Monday, 6 March 2017

Right Care: definition, gray areas and reversals








One of the Right Care Alliance initiatives, led by Vikas Saini and Shannon Brownlee from the Lown Institute in Boston, has been the compiling of 4 reports that are analyzing the misuse, by excess and by default, of health resources from a global perspective.

What does the Lown Institute mean by "right care"?

Before defining the concept of "right care", we must take note of Donald Berwick's definition of quality in the introductory article of the series. The author believes that the quality of care, as we understand it, is too focused on the guarantee of procedures and, despite being correct, the question now is: what do the inappropriate clinical processes mean for people’s health? Berwick states that quality should be understood as the provision of services that respond to people's real needs. So, practically, appropriatness has been filtered in the realm of quality.

Along the same lines, Sabinet Kleinet and Richard Horton, editors of the Lancet, have developed the following definition of "right care": health care that provides more benefits than unwanted effects, taking into account the circumstances of each patient, and their values and their wishes into account; in addition the right care is based on the best available evidence and on cost-effectiveness studies.

Having established a definition is a first step, but that does not mean that the difficulties that follow are not huge. To begin with, quantifying undesirable benefits and undesirable effects is often very difficult because the evidence is often incomplete and the iatrogenic is poorly documented; moreover the threshold between appropriate and inappropriate is usually a gradient, and can vary among people, among different cultures and between different countries.


If at the extreme right we represent the totally appropriate actions (insulin for type 1 diabetes) and at the extreme left, the clearly inappropriate actions (antibiotics for viral diseases), in the middle there is a grid of gray areas that include services that bring very (glucosamine for osteoarthritis), or that the balance between good and bad effects varies from individual to individual (antidepressants for teenagers) or routines that are not emerged from any proven evidence (analytical controls for hypertensive patients).



Many clinical practices of wide use in the past (bloodletting, lobotomies, hysterectomies, tonsillectomies, radical mastectomies, hormonal treatments for menopause, etc.) had to be abandoned when the benefits they brought were contrasted with the problems they caused. Ian Harris, in "Surgery: The Ultimate Placebo," explains that he found that half of the surgical operations of the trauma departments of three Sydney Teaching Hospitals were not supported by consistent evaluations.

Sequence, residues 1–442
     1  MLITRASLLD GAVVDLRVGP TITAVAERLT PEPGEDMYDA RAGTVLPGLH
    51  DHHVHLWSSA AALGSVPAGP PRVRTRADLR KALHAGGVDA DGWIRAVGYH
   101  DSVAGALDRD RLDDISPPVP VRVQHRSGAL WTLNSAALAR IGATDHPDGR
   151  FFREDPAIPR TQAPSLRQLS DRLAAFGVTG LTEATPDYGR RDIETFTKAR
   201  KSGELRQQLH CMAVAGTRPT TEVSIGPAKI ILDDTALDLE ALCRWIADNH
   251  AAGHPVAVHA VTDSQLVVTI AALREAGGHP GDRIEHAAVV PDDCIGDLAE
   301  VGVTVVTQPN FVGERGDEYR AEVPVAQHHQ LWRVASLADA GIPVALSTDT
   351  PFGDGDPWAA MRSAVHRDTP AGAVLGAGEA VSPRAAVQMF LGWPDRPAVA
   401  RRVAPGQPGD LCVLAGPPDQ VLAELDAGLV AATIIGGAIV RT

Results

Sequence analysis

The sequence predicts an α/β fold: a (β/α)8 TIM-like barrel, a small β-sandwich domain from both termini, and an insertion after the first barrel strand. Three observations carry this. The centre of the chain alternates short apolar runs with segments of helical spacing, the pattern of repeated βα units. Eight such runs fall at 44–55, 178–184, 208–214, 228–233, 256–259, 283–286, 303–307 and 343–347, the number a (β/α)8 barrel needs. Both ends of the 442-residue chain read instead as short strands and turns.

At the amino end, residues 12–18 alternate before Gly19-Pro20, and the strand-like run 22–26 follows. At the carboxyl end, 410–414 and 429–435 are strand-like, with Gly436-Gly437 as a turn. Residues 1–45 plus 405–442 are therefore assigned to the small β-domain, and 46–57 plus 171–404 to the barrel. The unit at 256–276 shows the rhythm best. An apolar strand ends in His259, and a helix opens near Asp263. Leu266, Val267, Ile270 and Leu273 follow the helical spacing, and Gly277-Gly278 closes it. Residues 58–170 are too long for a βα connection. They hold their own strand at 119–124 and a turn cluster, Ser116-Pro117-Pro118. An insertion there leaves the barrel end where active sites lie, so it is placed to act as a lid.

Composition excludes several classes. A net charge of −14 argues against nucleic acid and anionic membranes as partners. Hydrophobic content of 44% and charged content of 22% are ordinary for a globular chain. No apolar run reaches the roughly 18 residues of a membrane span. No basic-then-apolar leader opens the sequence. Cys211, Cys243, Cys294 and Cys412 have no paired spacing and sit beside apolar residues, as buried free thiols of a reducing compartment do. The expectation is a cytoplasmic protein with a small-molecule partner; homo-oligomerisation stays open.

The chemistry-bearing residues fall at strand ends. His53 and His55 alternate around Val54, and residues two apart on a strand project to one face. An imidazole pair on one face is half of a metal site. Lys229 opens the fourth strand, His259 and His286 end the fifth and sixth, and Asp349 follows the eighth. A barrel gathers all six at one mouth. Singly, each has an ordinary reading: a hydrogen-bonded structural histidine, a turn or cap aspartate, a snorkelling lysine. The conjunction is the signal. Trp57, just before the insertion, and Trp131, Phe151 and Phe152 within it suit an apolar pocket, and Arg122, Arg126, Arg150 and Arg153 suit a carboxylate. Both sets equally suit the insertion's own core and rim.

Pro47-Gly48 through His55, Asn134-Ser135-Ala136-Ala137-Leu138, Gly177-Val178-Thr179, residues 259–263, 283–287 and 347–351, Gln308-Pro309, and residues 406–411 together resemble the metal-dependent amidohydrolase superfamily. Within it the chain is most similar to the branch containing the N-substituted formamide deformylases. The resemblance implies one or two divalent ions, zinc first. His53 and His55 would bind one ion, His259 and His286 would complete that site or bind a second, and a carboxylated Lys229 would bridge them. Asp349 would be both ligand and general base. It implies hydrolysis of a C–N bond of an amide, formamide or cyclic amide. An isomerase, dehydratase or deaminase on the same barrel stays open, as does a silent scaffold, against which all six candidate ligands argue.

The reversal of low value clinical practices

Vinay Prasad published a review in Mayo Clinic Proceedings that detected 146 practices that should be reversed because the research had shown that they did not provide enough value. The reality, however, is stubborn, and when an activity is already implemented and has achieved a certain predicament, it can take many years to stop it, despite having all the evidence against it. There are some examples of how difficult is to reverse such as; the amigdalectomy in children or preventive angioplasty for unsealed coronary arteries. For this reason, Harris claims that, before their launch, the new diagnostic tests, the new surgical procedures and the advances in robotics must undergo tests of efficiency, at least of the same rigor as those of the new drugs, with the precise aim of avoiding a loss of objectivity caused by the admiration for the novelty and thus to prevent resistance before the necessity of an eventual reversion.

The "right care" thinking moves into a territory where gray areas predominate. It’s striking to see that, after twenty-five years from the emergence of evidence-based medicine, half or more of the clinical practices have not yet been sufficiently and rigorously assessed, while, paradoxically, the great bulk of research resources are obsessively aimed at assessing the effectiveness of the new drugs. 



Jordi Varela
Editor

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